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Education Law Speed Read – 30/07/18

This week we have a reminder of the trade union facility time deadline and we look at a case where a claim was brought for discrimination on the grounds of philosophical beliefs.

Deadline for publishing facility time information

The deadline for public sector bodies (including schools and academies) to publish certain information regarding their employees’ trade union facility time will run out on 31 July. The period of reporting will be 1 April 2017 to 31 March 2018. We published a speed read in April dealing with this matter, which can be found here.

Trade union facility time will be any time spent by a trade union official, learning representative or safety representative undertaking their duties in that role.

The Government published new guidance on 2 June to assist employers in complying with their obligations. In their guidance, the Government claims that one of the key drivers behind the introduction of the reporting requirements is to promote transparency and increase accountability within Trade Unions and thereby reduce the cost to the taxpayer. A link to the guidance can be found here.

Schools and academies with more than 50 or more full-time employees for seven full months within the last 12 months (to 31 July) are required to publish:

  • The total number of employees who were relevant union officials during the relevant period (even if they were not officials for the entire year);
  • The percentage of their time spent on facility time;
  • The proportion of the employer’s total pay bill spent on facility time; and
  • The number of hours spent by the relevant union officials on paid trade union activities as a percentage of total paid facility time hours.

The regulations enacting this requirement contain a standard form for the data to be published in to ensure all required employers publish the data in an easily accessible form. The data must be published either on the school’s website or in its annual accounts, should it produce one, and on the Government portal website.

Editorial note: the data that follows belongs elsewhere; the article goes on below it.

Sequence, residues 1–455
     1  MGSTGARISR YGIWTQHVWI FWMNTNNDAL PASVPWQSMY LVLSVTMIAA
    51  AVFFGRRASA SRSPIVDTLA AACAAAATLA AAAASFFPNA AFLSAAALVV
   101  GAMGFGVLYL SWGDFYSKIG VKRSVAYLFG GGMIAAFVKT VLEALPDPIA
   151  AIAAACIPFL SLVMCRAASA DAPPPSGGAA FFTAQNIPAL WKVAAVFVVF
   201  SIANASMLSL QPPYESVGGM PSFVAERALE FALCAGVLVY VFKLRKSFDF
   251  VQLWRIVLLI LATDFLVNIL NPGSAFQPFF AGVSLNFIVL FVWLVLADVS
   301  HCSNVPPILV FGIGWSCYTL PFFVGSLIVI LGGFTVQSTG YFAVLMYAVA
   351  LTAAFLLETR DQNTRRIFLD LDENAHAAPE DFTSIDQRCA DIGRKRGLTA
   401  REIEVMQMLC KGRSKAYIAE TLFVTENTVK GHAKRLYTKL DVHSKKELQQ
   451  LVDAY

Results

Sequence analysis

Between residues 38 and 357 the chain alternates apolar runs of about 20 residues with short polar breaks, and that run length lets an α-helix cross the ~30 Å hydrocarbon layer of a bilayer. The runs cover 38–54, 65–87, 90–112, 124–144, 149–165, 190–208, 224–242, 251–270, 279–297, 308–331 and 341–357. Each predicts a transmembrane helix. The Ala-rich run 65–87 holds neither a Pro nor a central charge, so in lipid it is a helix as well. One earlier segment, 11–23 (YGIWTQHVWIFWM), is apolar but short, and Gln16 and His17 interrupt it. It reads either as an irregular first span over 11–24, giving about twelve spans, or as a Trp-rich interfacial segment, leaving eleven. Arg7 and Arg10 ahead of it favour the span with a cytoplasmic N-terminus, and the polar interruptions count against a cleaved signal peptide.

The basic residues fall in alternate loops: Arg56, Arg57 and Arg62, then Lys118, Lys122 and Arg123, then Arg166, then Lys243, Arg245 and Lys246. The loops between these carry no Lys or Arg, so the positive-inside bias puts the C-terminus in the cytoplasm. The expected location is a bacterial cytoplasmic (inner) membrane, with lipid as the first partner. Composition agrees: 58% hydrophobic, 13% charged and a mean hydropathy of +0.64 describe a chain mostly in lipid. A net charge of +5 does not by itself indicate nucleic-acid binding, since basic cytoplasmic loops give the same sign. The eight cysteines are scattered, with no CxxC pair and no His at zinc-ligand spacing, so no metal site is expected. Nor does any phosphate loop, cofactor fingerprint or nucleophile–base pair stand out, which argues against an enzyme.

Following publication, schools should begin to collect data to be published for the next period of reporting (1 April 2018 – 31 March 2019) which will be need to be published on 31 July 2019.

No penalties or enforcement mechanisms have been set out in the Regulations governing this reporting requirement. As with gender pay reports and Modern Slavery statements the intent of the reporting is accountability through visibility. The press is likely to report on the figures published by high profile organisations. Due to the potential for reputational damage, employers should take this reporting requirement seriously.

Gray v Mulberry

In Gray v Mulberry the Employment Appeal Tribunal (EAT) held that Mrs Gray was not directly or indirectly discriminated against on the grounds of her philosophical belief by her employer.


Mrs Gray commenced employment with Mulberry as a Market Support Assistant on 28 January 2015. Mrs Gray was a writer and film-maker in her spare time.

On 30 January 2015, Mrs Gray signed her employment contract but refused to sign a standard confidentiality agreement (the Agreement). The Agreement included an intellectual property clause which stated that Mulberry would own the IP rights in any materials and inventions that Mrs Gray created during the course of her employment with Mulberry.

Mrs Gray refused to sign the Agreement, on the basis that she believed this clause would give Mulberry ownership over a novel and screenplay that she was writing in her spare time.